I brought my Olympus TG-5 with me during our recent trip to Ireland, as a bit of an insurance policy against rainy weather. While it did come in handy a number of times in this regard, I also used it for some hand-held macro flower images. This article shares a selection of hand-held macro flower images captured at the Irish National Stud & Gardens.
NOTE: Click on images to enlarge.
The Japanese Gardens situated adjacent to the Irish National Stud provided a wealth of hand-held macro flower image opportunities.
I specifically looked for blossoms, or groups of blossoms, that were in good light, but preferably not in harsh, direct sunlight. You can see how quickly some blossoms in a tight grouping can go out of focus.
When photographing blossoms with long stamen I usually try to capture my image at an angle. This increases the chances of getting the centre elements of the blossom in focus.
Finding water droplets on blossoms, leaves or needles, always adds some detail interest to a photograph.
When photographing a group of blossoms it is important to carefully select which blossom to use as a focusing point.
Single blossoms or groups of three often make the best subjects.
Sometimes some interesting angles will catch my eye.
The lighting, as well as the nature and distance of the background, help me determine whether to photograph a blossom in centre frame…
Or off to one side of the composition.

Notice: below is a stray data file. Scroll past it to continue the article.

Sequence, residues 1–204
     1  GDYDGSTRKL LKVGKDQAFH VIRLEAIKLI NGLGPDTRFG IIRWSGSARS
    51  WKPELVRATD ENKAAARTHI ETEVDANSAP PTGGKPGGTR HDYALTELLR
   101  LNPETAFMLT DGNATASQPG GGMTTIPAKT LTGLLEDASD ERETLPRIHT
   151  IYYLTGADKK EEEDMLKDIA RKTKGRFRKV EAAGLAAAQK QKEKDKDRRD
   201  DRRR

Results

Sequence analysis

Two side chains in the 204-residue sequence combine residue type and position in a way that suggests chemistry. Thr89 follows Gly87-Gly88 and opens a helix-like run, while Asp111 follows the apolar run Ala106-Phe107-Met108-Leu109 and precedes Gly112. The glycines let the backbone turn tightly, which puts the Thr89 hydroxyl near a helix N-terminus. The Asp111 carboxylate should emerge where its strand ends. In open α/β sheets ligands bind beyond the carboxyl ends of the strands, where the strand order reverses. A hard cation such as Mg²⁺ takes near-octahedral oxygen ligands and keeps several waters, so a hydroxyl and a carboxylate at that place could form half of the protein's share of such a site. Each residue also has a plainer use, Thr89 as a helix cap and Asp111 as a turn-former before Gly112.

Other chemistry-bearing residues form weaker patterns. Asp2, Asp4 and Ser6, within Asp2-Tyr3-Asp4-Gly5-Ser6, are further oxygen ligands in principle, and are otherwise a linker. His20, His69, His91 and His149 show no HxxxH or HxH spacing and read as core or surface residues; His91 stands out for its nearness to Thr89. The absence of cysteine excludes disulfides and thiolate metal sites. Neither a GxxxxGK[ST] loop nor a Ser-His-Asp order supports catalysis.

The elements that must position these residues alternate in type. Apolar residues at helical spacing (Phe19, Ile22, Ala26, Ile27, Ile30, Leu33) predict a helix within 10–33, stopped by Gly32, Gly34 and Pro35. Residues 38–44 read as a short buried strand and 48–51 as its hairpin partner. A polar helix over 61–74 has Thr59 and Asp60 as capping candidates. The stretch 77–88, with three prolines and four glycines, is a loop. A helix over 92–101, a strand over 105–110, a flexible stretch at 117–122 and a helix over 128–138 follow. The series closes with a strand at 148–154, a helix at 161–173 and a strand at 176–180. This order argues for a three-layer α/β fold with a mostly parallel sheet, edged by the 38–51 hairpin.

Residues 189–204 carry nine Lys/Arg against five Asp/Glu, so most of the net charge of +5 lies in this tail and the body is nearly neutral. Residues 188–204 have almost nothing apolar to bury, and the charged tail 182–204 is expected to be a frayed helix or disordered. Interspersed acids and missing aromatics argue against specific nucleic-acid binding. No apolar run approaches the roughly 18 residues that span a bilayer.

Using a longer focal length can help blur out backgrounds. This can be especially important when using fixed lens small sensor cameras that incorporate wider angle zoom lenses like the Olympus TG-5.
Positioning a blossom against a reasonably smooth and clear background is always my preference.
When choosing a blossom with a busy background, it can be important to place my auto focus point on an area of higher contrast. This helps draw a viewer’s eye into the composition.
There are many gear options when creating hand-held macro flower images. Using a small, easy-to-handle camera like the Olympus TG-5 with its microscopic mode can be a lot of fun! Given its sensor size, it also produces quite good quality hand-held macro flower images.
All photographs were captured hand-held using camera gear as noted in the EXIF data. All images were produced from RAW files using my standard process.
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